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Chronic staffing shortages are affecting both patient care and physicians’ well-being.
The mental health of health care professionals in 6 Western nations shows that chronic staffing shortages are affecting both patient care and physicians’ well-being.
More than one-third (34%) of responding physicians reported an increase in medical errors due to staff shortages, with that number increasing to 58% in Spain. Three-fourths of respondents said they are worried about the quality and safety of care, and 58% say staffing issues affect the mental health of patients.
The mental health of doctors isn’t faring much better. More than half of physicians report feeling frustrated (65%), burnt out (54%), and unappreciated (52%) in the past 3 months. Over 50% of them are so affected by chronic stress that they say they have considered leaving their profession in the past 3 months.
The data from Survey Healthcare Global (SHG) were sourced from 6 of the most pandemic-affected medical specialties in the United States, the United Kingdom, France, Germany, Italy, and Spain, from February 14 to 16, 2022.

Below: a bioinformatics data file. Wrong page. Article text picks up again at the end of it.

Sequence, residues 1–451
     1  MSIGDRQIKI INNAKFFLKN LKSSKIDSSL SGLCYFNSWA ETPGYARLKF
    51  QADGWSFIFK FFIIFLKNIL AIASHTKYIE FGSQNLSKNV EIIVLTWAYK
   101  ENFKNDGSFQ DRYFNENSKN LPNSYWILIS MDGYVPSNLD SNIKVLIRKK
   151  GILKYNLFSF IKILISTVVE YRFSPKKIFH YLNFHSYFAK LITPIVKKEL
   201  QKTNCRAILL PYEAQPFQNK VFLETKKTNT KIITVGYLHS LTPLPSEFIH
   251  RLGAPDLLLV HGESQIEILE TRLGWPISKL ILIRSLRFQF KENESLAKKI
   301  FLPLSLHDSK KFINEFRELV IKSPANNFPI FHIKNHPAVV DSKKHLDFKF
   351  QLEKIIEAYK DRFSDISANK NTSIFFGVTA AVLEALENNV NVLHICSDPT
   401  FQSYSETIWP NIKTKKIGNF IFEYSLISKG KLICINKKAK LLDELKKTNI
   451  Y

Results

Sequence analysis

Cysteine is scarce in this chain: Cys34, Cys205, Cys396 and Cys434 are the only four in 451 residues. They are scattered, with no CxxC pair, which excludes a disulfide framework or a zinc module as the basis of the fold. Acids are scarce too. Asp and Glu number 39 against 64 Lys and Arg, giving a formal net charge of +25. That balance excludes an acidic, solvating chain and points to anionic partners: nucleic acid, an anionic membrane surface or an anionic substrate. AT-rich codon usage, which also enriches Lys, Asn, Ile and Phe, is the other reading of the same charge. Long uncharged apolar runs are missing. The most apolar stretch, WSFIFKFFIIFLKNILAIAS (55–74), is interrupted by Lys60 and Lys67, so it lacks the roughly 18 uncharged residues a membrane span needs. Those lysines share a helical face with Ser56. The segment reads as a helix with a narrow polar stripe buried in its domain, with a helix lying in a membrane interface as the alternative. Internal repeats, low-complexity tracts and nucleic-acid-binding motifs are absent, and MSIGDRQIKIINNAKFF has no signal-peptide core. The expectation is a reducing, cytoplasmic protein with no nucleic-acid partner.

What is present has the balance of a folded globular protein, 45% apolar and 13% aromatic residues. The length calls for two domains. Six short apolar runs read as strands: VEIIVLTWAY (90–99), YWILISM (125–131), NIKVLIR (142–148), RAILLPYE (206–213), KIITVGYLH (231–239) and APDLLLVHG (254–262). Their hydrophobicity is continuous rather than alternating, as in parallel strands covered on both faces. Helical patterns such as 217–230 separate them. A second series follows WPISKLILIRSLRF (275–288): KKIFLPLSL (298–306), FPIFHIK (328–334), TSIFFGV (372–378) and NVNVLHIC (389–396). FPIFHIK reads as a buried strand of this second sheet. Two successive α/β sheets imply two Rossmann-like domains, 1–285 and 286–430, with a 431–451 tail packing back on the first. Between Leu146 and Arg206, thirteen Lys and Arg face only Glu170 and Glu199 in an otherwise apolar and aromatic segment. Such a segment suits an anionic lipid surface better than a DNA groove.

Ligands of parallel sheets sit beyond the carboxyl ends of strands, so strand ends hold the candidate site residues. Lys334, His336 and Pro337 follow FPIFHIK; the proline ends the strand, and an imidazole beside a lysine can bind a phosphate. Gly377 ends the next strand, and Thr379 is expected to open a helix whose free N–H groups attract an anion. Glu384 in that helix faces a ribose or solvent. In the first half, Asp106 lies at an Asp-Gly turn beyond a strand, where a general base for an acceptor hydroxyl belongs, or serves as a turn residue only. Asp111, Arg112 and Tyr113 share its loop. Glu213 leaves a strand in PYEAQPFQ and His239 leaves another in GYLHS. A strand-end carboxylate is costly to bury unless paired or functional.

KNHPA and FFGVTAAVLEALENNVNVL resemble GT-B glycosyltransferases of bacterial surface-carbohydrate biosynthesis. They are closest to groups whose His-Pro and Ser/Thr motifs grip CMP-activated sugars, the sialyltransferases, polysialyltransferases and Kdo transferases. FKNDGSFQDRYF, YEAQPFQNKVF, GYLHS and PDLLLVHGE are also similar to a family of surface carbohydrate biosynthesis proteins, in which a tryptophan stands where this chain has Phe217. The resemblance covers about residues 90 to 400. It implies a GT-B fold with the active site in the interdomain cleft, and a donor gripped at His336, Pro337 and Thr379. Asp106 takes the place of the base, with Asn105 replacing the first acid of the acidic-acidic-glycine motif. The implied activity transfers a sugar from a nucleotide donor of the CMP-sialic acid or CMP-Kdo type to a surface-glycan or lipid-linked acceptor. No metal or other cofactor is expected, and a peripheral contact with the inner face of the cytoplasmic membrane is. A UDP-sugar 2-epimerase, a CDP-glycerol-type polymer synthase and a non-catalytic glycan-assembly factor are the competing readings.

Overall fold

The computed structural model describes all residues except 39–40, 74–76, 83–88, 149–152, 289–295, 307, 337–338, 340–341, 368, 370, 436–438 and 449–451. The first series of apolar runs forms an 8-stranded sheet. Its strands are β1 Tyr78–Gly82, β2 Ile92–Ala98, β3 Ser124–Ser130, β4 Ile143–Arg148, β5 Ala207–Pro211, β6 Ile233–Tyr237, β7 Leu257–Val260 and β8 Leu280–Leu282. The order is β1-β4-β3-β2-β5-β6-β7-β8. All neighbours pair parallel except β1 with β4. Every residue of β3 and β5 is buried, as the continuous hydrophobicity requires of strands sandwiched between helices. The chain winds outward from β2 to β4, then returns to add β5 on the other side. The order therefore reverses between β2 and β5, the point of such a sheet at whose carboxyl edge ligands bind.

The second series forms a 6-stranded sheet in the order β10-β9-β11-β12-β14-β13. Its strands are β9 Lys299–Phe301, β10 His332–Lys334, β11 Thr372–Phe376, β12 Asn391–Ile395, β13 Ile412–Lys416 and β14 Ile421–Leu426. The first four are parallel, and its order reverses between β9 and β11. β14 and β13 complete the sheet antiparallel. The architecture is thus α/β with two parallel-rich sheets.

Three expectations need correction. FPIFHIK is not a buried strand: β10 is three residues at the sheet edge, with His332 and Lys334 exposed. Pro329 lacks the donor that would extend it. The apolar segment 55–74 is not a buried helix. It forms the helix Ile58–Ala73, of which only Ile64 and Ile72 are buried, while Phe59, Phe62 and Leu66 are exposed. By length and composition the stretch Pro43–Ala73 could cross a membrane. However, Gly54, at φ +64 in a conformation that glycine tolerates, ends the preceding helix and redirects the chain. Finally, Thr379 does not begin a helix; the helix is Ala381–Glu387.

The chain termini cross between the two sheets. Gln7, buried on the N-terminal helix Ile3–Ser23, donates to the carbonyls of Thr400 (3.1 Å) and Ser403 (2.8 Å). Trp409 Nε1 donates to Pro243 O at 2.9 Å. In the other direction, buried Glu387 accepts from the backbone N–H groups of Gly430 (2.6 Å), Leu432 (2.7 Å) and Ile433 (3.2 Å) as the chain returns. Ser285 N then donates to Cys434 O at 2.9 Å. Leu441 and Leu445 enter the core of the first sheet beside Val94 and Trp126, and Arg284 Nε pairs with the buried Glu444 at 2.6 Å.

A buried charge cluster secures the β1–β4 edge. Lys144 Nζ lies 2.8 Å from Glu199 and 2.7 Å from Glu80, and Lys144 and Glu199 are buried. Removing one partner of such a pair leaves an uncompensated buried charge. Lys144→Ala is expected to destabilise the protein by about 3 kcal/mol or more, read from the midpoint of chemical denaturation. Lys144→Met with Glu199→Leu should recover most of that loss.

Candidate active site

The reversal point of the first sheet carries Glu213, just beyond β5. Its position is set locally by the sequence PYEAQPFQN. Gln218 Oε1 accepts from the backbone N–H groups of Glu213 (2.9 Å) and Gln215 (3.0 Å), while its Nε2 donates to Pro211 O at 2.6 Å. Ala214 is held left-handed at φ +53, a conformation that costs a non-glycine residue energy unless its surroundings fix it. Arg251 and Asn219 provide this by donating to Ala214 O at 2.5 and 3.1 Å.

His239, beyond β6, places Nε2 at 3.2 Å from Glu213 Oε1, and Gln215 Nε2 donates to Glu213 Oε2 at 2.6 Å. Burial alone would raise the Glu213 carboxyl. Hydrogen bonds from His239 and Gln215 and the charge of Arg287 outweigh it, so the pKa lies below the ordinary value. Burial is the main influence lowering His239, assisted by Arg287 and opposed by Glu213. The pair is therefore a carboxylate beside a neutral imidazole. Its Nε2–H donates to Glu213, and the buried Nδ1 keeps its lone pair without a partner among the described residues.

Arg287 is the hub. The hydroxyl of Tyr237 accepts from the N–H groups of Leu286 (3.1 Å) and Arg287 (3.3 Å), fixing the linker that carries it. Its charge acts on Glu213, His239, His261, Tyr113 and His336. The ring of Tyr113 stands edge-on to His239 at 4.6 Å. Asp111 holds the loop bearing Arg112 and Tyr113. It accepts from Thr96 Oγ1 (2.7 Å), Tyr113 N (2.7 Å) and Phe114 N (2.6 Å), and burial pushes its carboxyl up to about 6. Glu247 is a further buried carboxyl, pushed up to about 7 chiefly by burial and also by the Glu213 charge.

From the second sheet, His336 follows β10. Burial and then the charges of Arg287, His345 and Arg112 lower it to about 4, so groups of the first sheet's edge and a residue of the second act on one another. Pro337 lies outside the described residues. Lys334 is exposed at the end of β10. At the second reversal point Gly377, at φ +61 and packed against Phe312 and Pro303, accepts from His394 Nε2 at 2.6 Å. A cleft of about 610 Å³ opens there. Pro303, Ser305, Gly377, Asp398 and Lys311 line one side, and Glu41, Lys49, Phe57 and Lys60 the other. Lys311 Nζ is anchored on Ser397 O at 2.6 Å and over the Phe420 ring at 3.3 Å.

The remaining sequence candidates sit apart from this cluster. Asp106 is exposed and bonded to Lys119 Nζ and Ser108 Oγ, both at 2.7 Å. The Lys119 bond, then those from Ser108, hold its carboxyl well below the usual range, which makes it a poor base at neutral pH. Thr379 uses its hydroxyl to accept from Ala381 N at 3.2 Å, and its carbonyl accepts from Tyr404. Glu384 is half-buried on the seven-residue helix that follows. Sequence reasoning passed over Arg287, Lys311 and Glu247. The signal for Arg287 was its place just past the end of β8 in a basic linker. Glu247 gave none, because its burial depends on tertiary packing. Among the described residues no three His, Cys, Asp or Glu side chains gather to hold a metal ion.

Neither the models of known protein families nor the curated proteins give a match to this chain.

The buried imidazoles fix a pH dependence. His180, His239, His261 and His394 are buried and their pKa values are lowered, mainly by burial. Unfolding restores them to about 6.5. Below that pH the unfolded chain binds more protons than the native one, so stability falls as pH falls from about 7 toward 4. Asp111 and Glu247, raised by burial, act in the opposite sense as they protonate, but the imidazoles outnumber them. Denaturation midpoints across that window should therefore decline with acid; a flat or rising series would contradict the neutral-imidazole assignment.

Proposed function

“When physicians voice such strong concern about medical errors and the quality of patient care, health care leaders must take notice and redouble efforts to address the root causes of the staffing shortage,” said Daniel S. Fitzgerald, CEO of Apollo Intelligence, parent to SHG, in a statement.
For the top contributors to their strained mental health, respondents rank constant stress (34%) and staff shortages (30%) as the leading factors. And 18% report that they are more likely to drink, smoke, or use/abuse substances as a result. Yet nearly 75% say their organizations do not offer any wellness resources or programs to employees.
Although COVID-19 is regarded as the biggest reason for staff shortages by respondents in 5 of 6 nations, burnout is the second largest cause, cited by between 26% and 40%, depending on country. However, 40% of respondents say that health care staffing shortages originated well before the start of the pandemic.
Patients are also suffering as a result.
Respondents report that staffing problems are creating longer patient wait times (80%) and decreasing the quality of care (69%). An estimated 72% say their patients have experienced delayed access to treatments, routine visits (71%), and surgeries (59%). More than half of respondents (56%) say the resulting delays in diagnosis, care, surgery, and treatment have affected patients’ physical health and increased their pain and suffering (30%).
The respondents represented 5 specialties that experienced a sizable pandemic impact, including family medicine/general practice, emergency medicine, pediatrics, intensive/critical care, and surgery in relatively equal proportion.